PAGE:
At the start of the course, I did not know how much of a growth experience going on a Rites of Passage would be. The Rites of Passage experience is more than just a ceremonial experience it is a living and learning experience. As I have spent the last several months in Barcelona, I have found the entire adventure as a Rites of Passage. As a an only child back at home, I had never had been given the freedom or the chance to have an experience that made me think, reflect, relate to, and ask so many questions. This because in the United States, there aren’t that many ceremonial Rites of Passage that transforms us on a deeper level. Being here in Barcelona gave me a chance to experience the Rites of Passage from the anxious separation phase to the highly anticipated incorporation phase I will have. Although there are three important parts I deeply experienced in Barcelona that are a part of the Rites of Passage.
VI. Rites of passage create expectations for socially acceptable behaviors.
At the beginning of my program, there were certain rules and regulations laid down for the students. Some of the expectations that were held for me and my counterparts was to not make too much noise after ten. After ten, locals want to go to bed and relax. Most of them do stay up a little longer on the weekends, but we had to adhere to this rule. However there were certain unspoken rules I learned about when I became more integrated into the community. One unspoken rule was that eating with a group is more preferred in Spain than alone. There were many times I ate alone out of habit or because my schedule did not align with anyone else`s. Because of this, I have had some stares or concerned looks given towards me because of my loneliness. The Spaniards and Europeans perceived this as very unhealthy and not connecting with the relationships you have built.
XII. Time alone for reflection
I allowed myself time to reflect on certain aspects at home or my personal life. I find that it was more opportune and available to me to reflect here than at home because of this cultural disconnect that we don’t have in the U.S. As David Blumenkrantz and Marc Goldstein suggests is that The Rites of Passages helps us to fill purpose with the specific roles in our lives. Without these roles we are misguided because “The lack of clearly established rites of passage in America is partly due to the ambiguity about when and how one becomes an adult in contemporary society (Arnett, 2000, 2004). The ages at which youth receive certain adult privileges (e.g., right to drive, right to vote, right to drink, etc.) are rather arbitrary and are not related to any actual competencies or maturity on the part of the individuals who gain those privileges” (2). Young people need a guide from their community to communicate their various transitions that should mark experiential growth and lessons.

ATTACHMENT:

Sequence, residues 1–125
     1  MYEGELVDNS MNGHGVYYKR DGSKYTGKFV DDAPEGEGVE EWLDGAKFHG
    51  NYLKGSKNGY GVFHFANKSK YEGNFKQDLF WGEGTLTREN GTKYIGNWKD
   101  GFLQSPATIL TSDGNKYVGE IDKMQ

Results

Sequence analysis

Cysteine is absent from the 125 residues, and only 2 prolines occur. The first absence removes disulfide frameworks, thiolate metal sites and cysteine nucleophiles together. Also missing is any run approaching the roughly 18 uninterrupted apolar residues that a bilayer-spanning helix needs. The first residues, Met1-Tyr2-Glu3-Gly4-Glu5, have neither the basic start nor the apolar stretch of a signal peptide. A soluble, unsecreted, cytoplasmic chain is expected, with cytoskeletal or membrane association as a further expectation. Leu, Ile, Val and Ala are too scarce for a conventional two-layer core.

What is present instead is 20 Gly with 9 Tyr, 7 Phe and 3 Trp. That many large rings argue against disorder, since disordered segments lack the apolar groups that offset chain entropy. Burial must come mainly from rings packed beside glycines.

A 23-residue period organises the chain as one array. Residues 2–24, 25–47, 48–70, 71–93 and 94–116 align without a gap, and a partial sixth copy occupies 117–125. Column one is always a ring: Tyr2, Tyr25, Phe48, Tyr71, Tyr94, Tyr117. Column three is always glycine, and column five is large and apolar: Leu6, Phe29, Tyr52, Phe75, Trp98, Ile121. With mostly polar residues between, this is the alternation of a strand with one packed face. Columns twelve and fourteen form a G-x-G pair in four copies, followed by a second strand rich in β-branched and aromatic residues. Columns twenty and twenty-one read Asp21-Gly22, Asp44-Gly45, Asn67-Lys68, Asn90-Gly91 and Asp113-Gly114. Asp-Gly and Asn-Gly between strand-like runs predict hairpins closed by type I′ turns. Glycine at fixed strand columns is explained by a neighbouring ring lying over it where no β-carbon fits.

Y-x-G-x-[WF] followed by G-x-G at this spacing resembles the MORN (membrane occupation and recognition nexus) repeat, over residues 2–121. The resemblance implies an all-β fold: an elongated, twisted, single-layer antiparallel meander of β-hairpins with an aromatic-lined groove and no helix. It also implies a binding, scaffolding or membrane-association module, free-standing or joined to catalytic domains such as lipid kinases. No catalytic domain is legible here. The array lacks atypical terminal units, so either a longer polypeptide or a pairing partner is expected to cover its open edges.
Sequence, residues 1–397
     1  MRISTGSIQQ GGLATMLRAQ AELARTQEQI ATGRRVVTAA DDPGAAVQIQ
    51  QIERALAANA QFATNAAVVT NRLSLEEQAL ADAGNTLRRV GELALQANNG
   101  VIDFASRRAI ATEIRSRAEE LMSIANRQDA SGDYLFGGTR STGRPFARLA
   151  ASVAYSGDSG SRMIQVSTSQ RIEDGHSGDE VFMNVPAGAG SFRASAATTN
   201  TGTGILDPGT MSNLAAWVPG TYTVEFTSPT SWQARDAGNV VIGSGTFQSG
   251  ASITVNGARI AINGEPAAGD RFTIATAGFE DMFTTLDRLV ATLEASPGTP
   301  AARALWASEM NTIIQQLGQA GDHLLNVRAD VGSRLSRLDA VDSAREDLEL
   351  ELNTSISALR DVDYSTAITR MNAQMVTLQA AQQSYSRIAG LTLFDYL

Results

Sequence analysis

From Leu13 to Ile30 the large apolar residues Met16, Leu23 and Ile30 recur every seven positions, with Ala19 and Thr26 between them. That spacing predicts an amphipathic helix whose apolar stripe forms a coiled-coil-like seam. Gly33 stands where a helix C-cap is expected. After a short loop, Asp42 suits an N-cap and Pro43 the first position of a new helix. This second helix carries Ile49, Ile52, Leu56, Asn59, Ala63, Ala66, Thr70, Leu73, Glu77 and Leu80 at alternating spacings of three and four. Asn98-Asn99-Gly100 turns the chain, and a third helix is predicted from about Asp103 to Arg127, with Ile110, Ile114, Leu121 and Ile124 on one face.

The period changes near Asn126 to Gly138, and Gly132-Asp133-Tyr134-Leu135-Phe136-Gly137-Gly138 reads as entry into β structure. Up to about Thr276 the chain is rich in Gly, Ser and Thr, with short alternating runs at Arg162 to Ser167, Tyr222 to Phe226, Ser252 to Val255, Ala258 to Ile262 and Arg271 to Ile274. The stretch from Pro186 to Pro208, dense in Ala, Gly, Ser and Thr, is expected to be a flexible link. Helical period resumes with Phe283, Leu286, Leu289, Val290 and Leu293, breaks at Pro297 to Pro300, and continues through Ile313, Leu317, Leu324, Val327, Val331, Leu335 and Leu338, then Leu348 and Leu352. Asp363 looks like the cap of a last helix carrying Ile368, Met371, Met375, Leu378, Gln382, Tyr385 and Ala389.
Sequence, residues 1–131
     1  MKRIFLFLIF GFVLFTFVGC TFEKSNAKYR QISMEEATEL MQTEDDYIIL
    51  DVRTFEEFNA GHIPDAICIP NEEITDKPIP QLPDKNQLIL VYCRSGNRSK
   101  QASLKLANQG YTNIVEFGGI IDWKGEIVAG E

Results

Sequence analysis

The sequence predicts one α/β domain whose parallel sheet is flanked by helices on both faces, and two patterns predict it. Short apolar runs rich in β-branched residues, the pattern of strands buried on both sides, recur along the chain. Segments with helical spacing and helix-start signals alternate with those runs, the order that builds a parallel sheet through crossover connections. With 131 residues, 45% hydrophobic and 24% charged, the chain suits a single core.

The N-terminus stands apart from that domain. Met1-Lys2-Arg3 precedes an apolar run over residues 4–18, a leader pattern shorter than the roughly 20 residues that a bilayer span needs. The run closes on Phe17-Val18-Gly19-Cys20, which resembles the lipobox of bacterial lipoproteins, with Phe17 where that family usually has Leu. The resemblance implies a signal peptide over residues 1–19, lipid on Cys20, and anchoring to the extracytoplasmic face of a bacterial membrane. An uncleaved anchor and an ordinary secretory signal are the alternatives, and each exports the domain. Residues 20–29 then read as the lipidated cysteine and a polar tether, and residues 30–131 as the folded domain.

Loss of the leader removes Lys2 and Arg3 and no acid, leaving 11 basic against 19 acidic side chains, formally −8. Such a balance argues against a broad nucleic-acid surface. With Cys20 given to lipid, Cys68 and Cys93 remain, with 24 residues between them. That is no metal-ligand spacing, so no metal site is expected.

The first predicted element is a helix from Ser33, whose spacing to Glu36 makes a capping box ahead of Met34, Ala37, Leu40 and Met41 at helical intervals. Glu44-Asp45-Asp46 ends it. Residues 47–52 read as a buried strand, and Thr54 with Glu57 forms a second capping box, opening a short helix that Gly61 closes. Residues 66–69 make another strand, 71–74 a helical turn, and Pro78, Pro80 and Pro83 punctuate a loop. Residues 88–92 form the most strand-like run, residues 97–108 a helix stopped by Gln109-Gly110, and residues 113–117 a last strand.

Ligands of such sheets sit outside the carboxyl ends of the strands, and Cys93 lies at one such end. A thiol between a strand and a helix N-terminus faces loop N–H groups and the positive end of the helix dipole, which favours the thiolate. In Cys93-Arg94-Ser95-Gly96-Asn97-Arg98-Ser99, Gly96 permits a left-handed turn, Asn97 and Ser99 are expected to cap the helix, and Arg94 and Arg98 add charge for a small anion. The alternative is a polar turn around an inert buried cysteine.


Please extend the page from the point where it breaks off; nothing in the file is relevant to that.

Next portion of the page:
VIII. Adversity or personal challenge
My personal challenge while being abroad to come to a sense of exiting the liminal stage. It was not until later in the semester I realized that I was using this experience to learn and find out more about myself. Yet the more I tried to find myself the more I felt trying to be a part of both cultures. In the States I have noticed that we cannot stand silence or too much quiet time, but in actuality it helps to give more clarity to the situation. As Blumenkrantz states ” Creating opportunities for silence and to spend time alone— the ninth and tenth elements—help a young person develop an internal dialogue for narrating and making sense of what is going on around them. It affords them a place to contemplate and consider the great complexities of the world and how they fit within it” (6). In Spain, many people resonate in silence if they are not with their close ones. Other religions and cultures also treasure silence as a way to meditate on one`s self or issues. Sometimes, all you need is some silence or a moment to pause in order to get through a tough situation.Even as my study abroad journey ends, my life will continue to be a rites of passage. I can do this by starting my own tradition with my kids to show them lessons that will help them grow.
I want to say that Michael Roberts’ in Mongolia was the digital story I most connected too. On a simply visual level I much preferred the use of videos over the slideshow of pictures. Michael’s experience showed me that even in a far away distance you can still serve your world in a big way just by traveling abroad. You bring clarity and information back to the home land for your family to learn about. I am excited to do my digital storytelling.